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Europe, China beat the US as top clean energy deal-makers

Date
17 January 2013
Europe, China beat the US as top clean energy deal-makers

BRUSSELS: Europe arranged more loans for clean energy projects than the US last year, and China overtook the US to become the world's biggest clean energy investor, as revealed today in Bloomberg New Energy Finance’s annual league table results.

Bloomberg New Energy Finance (BNEF) today released its 2012 Clean Energy and EST League Tables. The annual analysis identifies the most active and innovative investors in clean energy sectors including smart grids, energy efficiency, electric vehicles and carbon capture and storage.

Big investors

While total investment dropped 11% to US$268.7 billion for industry segments including wind, solar and biomass power generation, China overtook the US to become the world’s biggest clean energy investor last year.

China's investment rose 20% to a record US$68 billion, driven largely by solar. China now makes up a quarter of global clean energy investment, which stands at US$269 billion, and the nation's investment is more than 50% of the US's, which ranked second. Dipping as much as 32% on 2011's clean energy investment, the US totalled US$44 billion. 

Clean energy investments also increased in South Africa and Japan.

Michael Liebreich, Chief Executive, Bloomberg New Energy Finance, said: “This is the eighth year we have prepared annual league tables showing the most active deal-makers in the sector. The transactions in 2012 that helped to produce winners this time included everything from a US$1 billion-plus offshore wind financing, to a US$701 million energy storage acquisition, to an US$18 million venture capital investment in a solid-state lighting technology developer.”

He added: “Indeed, the most striking aspect of these figures is that the decline was not bigger – given the fierce headwinds the clean energy sector faced in 2012 as a result of policy uncertainty, the ongoing European fiscal crisis, and continuing sharp falls in technology costs. Solar PV module prices, for instance, fell another 24% over the course of last year.”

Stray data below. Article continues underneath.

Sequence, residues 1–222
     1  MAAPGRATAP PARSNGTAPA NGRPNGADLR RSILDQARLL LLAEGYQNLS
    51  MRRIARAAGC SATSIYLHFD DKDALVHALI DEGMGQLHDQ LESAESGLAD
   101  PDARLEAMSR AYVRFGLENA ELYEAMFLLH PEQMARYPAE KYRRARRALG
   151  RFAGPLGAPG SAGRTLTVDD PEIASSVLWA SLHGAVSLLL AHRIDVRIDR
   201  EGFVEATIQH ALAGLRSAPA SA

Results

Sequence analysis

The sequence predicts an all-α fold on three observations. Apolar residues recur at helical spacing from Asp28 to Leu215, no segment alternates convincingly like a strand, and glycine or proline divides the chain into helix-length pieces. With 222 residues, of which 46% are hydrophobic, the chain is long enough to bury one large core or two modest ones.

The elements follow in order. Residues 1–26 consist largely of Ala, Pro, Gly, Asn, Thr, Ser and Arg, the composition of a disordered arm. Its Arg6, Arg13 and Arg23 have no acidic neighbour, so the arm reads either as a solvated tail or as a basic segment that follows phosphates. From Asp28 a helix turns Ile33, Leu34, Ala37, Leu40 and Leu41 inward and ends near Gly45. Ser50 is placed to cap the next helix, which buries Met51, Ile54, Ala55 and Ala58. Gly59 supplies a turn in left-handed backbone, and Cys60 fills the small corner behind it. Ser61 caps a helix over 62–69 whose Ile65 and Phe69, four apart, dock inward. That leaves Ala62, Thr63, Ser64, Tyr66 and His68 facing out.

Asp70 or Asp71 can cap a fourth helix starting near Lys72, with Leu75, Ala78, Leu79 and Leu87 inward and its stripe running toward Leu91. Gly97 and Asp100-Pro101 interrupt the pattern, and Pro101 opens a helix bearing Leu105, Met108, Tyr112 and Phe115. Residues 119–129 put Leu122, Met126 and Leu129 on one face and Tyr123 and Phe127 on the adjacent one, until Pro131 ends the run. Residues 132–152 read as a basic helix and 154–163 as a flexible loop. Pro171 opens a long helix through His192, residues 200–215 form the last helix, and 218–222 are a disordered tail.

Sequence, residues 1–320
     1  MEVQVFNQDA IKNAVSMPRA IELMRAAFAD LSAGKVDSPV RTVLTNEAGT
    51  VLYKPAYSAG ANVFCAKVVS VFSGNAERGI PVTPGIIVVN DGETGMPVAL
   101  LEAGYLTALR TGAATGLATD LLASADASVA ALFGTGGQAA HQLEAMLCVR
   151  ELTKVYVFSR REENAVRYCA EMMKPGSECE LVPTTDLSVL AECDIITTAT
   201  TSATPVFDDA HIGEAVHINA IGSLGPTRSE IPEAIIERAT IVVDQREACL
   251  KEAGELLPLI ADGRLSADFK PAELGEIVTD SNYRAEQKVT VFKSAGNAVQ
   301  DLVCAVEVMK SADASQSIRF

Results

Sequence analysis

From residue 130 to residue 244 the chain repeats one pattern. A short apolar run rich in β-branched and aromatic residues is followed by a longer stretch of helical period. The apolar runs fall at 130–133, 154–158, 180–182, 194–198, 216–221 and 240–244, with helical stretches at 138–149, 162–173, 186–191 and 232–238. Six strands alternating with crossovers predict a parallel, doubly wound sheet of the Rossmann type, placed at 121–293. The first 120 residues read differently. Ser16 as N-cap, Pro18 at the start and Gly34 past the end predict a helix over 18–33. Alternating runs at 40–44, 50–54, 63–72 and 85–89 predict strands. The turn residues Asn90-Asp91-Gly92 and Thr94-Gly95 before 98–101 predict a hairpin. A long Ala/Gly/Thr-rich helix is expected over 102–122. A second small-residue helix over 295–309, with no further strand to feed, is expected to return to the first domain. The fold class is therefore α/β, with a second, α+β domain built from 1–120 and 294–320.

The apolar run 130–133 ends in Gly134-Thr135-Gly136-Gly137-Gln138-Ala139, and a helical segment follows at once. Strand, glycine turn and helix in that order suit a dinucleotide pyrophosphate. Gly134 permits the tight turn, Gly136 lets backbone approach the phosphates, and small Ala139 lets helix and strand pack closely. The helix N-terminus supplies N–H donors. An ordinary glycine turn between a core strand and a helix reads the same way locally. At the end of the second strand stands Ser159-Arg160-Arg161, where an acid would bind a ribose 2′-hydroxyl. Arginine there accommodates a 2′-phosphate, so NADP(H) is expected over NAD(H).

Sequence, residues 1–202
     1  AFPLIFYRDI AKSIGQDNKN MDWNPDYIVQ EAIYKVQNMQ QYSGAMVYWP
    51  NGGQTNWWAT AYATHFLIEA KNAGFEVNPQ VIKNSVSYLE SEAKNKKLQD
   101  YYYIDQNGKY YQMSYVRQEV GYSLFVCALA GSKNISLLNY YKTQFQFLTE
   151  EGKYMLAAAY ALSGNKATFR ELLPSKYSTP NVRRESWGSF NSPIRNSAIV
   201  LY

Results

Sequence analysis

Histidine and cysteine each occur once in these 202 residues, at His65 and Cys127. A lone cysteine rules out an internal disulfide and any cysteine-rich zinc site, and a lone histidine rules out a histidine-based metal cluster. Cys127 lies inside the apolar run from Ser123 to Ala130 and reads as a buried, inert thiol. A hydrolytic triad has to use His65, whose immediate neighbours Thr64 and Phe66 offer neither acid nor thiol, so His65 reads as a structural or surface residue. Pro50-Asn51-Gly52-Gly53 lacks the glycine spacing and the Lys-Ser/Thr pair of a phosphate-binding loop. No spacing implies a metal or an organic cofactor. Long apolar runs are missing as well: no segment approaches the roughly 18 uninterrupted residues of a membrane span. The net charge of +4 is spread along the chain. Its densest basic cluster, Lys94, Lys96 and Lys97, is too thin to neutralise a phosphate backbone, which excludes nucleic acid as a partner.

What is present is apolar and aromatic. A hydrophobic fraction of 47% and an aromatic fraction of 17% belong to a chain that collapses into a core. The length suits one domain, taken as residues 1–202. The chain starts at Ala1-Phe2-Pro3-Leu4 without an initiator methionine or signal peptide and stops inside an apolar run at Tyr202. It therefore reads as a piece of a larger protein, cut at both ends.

Europe top deal-maker

While overall investment from Europe was down, Europe’s development bank, the European Investment Bank (EIB) was named Top Lead Arranger in the tables. EIB loaned a total of $2.2 billion to the clean energy industry in 2012, helping rank Europe as one of the world's biggest clean energy investors, beating US Government funding.

EIB’s investments were spread over 18 deals which include a US$663 million loan for a wind farm in Germany owned by EnBW Energie Baden-Wuerttemberg.

Commenting on the German wind farm, Wilhelm Molterer, Vice President, European Investment Bank, said: “Demanding projects are required so that Germany can implement its ambitious energy aims. EnBW Baltic 2 sets standards. It will be exemplary for future projects of this magnitude. With the financing that has now been agreed, it will be possible to implement the extensive project quickly and make a decisive contribution to the success of the energy transition.”

This top investment sum comes one week after the announcement that EIB’s shareholders and its 27 European Union member states had approved a €10 billion capital increase focusing on four areas, including clean energy.

Among the leading deal-makers, member of The Climate Group, Goldman Sachs (United States) was also awarded Top Public Markets Lead Manager.

Damian Ryan, Senior Policy Manager, The Climate Group commented: “Europe’s better performance in stimulating clean energy investment last year has a lot to do with policy certainty – or rather the lack of it in the US. The delayed renewal of the Production Tax Credit for wind power created havoc in the industry last year. If the US is serious about developing large scale, clean energy infrastructure it needs to move beyond stop-start measures to providing long, loud and legal investment frameworks.”

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By Clare Saxon

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